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January 07, 2009


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Oppen’s relationship with his overbearing and domineering father was difficult; his father’s death, Mary believed, in some way psychically relieved Oppen of whatever ambivalence he had about being a poet. In a letter to poet Philip Levine from 1969 or 1970, Oppen relates some details concerning the death of his father:

the meeting in his hospital room as equivocal, as difficult, as dangerous to me as all our meetings – The nurse came into the room and asked me to wait outside a moment. I walked down the hall to a little waiting room and sat down. The floor-nurse on duty recognized me (I look like my father) She said, I guess what a man cares most about in his life is his son. I was startled, I was absolutely startled and absolutely unprepared. My father's temperature was running fairly high, I realized that he must have talked of me. My face must have shown how started and how unprepared I was. The nurse saw it, and she began to cry . . . God help us all . . . --survival . . . never a wholly admirable story. (SL, 208).

Oppen considered his father's need for a relationship with his son, with whom he was mostly confrontational, to be pathetic. In addition, Oppen had been placed in the strained and uncomfortable position of being unable to reciprocate his father’s feelings - fearful of death, desperately wanting some sort of reconciliation - though it appears that this reconciliation was something that neither he nor his father were prepared to seek.
If Oppen needed to be relieved of his father, he also needed to be relieved somewhat of being a father. His delay in writing again was to some extent exacerbated by their having a young daughter to raise, and this prior obligation required he and Mary, according to Oppen, to remain “disguised” in order that their daughter could be “brought up differently and to be different.” Elsewhere in his letters, Oppen explains that “there were only some fifteen years that political loyalties prevented me from writing poetry. After that I had to wait for [my daughter] to grow up” (SL, 30). As Mary observes in an interview, their daughter “had to leave home for either of us to get going again.”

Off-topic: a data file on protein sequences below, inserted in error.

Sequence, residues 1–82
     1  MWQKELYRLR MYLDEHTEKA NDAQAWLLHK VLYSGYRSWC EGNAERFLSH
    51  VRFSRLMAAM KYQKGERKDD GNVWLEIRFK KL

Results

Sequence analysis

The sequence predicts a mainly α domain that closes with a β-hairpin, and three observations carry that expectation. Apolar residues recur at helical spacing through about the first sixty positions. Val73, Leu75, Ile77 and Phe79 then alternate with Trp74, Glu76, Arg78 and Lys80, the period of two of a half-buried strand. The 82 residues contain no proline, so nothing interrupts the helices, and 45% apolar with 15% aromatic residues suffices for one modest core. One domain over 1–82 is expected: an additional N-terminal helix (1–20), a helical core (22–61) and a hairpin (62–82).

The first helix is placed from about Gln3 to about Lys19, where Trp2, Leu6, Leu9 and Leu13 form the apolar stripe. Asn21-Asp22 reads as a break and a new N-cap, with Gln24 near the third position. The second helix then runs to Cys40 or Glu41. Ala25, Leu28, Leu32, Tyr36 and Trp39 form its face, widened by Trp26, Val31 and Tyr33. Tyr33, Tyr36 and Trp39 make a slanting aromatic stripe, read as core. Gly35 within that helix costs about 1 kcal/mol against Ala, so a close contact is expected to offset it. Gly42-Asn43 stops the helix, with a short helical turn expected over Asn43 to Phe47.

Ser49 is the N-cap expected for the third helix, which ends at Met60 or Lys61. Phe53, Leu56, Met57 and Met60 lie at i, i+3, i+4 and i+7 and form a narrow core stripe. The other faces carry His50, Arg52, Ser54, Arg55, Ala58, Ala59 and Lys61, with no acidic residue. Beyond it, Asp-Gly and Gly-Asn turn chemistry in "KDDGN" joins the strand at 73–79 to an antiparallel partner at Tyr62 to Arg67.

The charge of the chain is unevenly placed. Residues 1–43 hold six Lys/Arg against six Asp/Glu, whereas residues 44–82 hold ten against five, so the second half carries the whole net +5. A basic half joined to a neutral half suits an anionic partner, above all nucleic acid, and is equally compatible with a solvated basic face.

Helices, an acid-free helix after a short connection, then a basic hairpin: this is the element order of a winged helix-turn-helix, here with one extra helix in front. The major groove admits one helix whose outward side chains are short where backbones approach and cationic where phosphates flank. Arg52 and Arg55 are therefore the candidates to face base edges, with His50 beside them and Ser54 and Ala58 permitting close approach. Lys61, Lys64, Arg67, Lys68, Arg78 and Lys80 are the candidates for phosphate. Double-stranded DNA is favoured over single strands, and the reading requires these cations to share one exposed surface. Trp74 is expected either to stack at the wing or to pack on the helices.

“I stopped writing,” Oppen later explained in a 1969 letter to June, “to begin with [because of] the catastrophe of human lives in the 'thirties . . . But later we had a daughter.” At the time of his writing this letter, Oppen confessed that he found himself “hesitat[ing] over a line, thinking of my daughter reading it . . . tho she is twenty-seven and in no way weak” (SL, 186). He wanted to protect his daughter from the world's horrors, and not to deprive her of happiness and this became one of the reasons he delayed writing again. Yet there was also a lingering fear that he may no longer possess the ability to write (“Also (1958) . . . that I confessed to myself that I possessed a marked ability” (SL, 315)). In fact, his decision not to begin writing may be better understood as a more generalized sort of fear, of which protection of his daughter from a world that he feared to admit to her (or to himself) was nearing the brink of nuclear destruction, coupled with the feeling of inadequacy or ambivalence over his perceived lack of talent, were but more obvious symptoms. This period of silence became in some ways a prism through which these various tensions and fears were put forth by Oppen and in some way came to be resolved by the poetry. “There was a good deal of unspoken guilt in Oppen,” DuPlessis argues, “untrackable feelings on which the poetry helped him make good.”